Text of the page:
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Flu Shot Beats Nasal Spray Flu Vaccine?

Military Recruits Who Got Flu Shot Had Fewer Doctor’s Visits for Influenza, Study Finds
By
WebMD Health News
Reviewed by Louise Chang, MD

March 2, 2009 -- The traditional flu shot, given as an injection in the arm, performs better than the newer nasal spray flu vaccine, shows a new study that compared the two vaccines in military personnel.

"We did find both vaccines effective," says study researcher Angelia Eick, PhD, a researcher at the Armed Forces Health Surveillance Center in Silver Spring, Md. The study is published in the early online edition of The Journal of the American Medical Association.

Because the study comparing the two vaccines was conducted among U.S. military personnel, it's not possible to make recommendations to the general population, Eick and co-researchers said at a telephone conference for reporters. But the results may help experts one day recommend one form of the flu vaccine over another.

Flu Vaccine Study: Details

Researchers compared the traditional influenza vaccine, first developed in the 1940s, to the intranasal spray vaccine, available since 2003, to no immunization at all.

The nasal spray flu vaccine contains live but weakened flu virus and is sprayed into the nostrils. It's approved for people aged 2 through 49 years. The flu shot is an inactivated or killed virus vaccine.

The researchers looked at three flu seasons -- 2004 to 2005, 2005 to 2006, and 2006 to 2007 -- and evaluated more than 3 million active-duty service members stationed in the U.S.

"They were all less than 50 years old, with no contraindications to vaccinate," says Zhong Wang, PhD, MPH, another study researcher and also a researcher at the Armed Forces Health Surveillance Center.

"We looked for the first health care encounter following the vaccination with a primary diagnosis code consistent with influenza or pneumonia," Wang says. That was the measure of vaccine effectiveness.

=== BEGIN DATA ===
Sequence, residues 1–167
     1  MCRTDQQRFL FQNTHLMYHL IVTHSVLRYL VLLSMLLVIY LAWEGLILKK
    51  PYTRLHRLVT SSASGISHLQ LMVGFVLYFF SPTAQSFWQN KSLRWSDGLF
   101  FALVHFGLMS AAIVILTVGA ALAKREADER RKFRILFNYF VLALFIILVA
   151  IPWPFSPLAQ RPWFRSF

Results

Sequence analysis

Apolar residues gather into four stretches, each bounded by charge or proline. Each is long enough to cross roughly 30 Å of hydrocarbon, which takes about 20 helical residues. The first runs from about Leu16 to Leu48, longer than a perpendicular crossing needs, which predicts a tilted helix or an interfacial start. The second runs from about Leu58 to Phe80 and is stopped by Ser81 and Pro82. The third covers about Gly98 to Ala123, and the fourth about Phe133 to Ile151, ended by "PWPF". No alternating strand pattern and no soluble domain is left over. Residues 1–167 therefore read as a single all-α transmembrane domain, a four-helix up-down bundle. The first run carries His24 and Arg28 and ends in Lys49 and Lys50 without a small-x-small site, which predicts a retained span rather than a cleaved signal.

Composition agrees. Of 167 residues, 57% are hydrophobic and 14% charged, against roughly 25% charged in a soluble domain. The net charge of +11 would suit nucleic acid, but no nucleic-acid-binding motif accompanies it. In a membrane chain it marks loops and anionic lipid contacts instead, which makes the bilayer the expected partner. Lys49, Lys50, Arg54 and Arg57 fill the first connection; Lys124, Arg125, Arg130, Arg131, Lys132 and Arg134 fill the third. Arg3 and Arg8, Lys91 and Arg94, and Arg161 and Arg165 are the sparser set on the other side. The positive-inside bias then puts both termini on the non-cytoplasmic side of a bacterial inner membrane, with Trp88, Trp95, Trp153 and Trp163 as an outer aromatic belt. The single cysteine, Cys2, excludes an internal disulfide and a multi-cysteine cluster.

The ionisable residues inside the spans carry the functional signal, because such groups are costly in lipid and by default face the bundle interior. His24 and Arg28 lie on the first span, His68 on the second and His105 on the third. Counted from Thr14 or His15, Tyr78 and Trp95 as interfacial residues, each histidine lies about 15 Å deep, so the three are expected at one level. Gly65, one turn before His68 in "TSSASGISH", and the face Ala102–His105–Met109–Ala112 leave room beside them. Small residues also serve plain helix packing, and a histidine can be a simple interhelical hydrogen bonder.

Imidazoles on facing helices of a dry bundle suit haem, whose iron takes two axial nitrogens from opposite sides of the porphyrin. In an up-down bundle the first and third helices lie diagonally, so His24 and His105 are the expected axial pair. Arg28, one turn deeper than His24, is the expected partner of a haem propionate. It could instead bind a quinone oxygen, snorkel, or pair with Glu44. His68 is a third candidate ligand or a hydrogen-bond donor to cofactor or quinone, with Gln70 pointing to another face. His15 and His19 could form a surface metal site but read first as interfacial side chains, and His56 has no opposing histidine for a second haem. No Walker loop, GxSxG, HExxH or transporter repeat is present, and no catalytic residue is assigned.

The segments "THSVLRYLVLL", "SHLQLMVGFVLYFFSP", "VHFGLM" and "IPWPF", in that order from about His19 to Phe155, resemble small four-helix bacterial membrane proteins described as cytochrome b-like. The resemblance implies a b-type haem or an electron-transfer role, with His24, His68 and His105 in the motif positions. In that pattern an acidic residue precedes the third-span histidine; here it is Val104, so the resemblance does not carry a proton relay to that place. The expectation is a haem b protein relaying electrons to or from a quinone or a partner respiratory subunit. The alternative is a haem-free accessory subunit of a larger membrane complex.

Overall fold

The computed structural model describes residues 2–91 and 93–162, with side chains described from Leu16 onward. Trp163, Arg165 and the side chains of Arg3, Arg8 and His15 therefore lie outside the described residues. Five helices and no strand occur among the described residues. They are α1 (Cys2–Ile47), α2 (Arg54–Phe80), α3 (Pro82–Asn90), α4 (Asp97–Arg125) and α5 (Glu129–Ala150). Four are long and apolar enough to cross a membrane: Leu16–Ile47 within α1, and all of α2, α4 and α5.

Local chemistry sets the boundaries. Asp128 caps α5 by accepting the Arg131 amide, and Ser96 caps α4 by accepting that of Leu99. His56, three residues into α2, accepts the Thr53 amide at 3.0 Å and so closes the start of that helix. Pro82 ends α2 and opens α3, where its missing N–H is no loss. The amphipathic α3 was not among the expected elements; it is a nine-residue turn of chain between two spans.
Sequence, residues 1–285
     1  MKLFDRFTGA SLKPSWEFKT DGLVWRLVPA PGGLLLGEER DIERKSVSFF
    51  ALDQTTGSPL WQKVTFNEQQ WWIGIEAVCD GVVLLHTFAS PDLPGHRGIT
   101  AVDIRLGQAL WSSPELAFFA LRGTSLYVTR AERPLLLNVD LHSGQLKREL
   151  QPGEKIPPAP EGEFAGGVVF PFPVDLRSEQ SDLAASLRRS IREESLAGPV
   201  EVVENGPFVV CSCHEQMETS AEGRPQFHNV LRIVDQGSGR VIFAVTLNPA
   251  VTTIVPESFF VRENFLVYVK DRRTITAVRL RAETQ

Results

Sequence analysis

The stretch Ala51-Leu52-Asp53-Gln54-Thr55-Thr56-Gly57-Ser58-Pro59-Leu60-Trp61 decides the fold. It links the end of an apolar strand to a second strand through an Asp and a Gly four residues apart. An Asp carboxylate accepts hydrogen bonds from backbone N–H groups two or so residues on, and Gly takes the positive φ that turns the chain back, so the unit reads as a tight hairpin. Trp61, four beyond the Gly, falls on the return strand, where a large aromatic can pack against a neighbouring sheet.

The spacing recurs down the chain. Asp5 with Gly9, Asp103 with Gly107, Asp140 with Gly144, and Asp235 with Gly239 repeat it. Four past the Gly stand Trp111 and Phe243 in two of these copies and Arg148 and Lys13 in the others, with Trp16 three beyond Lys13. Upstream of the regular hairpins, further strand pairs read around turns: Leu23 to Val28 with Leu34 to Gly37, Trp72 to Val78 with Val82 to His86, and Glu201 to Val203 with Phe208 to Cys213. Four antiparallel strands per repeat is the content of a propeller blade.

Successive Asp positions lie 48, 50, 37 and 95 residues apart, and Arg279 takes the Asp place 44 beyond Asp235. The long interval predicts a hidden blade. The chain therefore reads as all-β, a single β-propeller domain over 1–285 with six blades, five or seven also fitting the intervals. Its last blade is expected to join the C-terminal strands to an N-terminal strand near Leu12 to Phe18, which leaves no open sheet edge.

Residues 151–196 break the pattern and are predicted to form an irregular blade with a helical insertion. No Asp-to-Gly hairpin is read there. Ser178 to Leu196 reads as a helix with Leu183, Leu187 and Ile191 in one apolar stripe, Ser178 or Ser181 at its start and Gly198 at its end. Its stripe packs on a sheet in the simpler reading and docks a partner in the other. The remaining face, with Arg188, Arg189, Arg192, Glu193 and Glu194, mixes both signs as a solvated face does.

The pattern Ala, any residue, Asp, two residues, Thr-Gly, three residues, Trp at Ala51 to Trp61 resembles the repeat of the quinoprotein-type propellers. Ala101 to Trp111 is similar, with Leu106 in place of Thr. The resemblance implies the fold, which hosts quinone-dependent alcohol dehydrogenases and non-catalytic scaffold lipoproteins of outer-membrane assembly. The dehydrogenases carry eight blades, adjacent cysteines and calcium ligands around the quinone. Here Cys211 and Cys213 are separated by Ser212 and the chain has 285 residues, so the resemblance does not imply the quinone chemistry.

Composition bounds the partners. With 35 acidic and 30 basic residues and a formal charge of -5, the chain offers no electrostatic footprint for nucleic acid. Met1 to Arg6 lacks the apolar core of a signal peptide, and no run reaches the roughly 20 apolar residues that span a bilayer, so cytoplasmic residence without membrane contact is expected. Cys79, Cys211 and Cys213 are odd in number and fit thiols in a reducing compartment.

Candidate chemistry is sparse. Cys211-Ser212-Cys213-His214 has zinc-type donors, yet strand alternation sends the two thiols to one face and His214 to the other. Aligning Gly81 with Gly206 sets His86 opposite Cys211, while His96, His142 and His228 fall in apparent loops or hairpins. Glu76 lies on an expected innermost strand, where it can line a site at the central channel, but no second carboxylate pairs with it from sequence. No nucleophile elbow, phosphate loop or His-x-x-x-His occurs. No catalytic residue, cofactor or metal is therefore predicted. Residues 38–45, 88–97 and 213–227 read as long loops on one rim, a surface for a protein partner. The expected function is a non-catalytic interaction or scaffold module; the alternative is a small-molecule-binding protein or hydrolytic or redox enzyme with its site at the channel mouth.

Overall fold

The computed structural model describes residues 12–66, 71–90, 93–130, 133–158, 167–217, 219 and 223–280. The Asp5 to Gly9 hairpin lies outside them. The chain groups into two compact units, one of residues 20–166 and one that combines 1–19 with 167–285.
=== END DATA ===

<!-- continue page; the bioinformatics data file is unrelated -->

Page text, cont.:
Flu Vaccine Study: Results

Those who got the shot in the arm were less likely to visit the health care system for influenza or pneumonia complaints, the researchers found.

Those who got the flu shot were 28% to 54% less likely to have a health care encounter than the unimmunized group, Wang says, and those who got the nasal spray flu vaccine were 10% to 21% less likely than the unimmunized group to have a health care visit for flu or pneumonia. Those results cover all three years, explaining the wide range, he says.

When they looked at vaccination history, the researchers found that the nasal spray vaccine had an effect similar to the flu shot in those who had not been vaccinated. That corresponds to some other study findings, the researchers note, that in healthy adults who are regularly immunized, the shot works better than the spray.

Flu Vaccine Study: Interpretations

"We need to keep in mind that this is one study," says Steven Tobler, MD, MPH, another study researcher and also a researcher at the Armed Forces Health Surveillance Center. "It certainly suggests that the trivalent inactivated vaccine [the flu shot] in a young healthy population might be more effective."

The study has limitations, Tobler says. For instance, the influenza cases were estimated by the visits in which the doctor's diagnosis was influenza or pneumonia, says Tobler, and the influenza cases were not confirmed in the laboratory.

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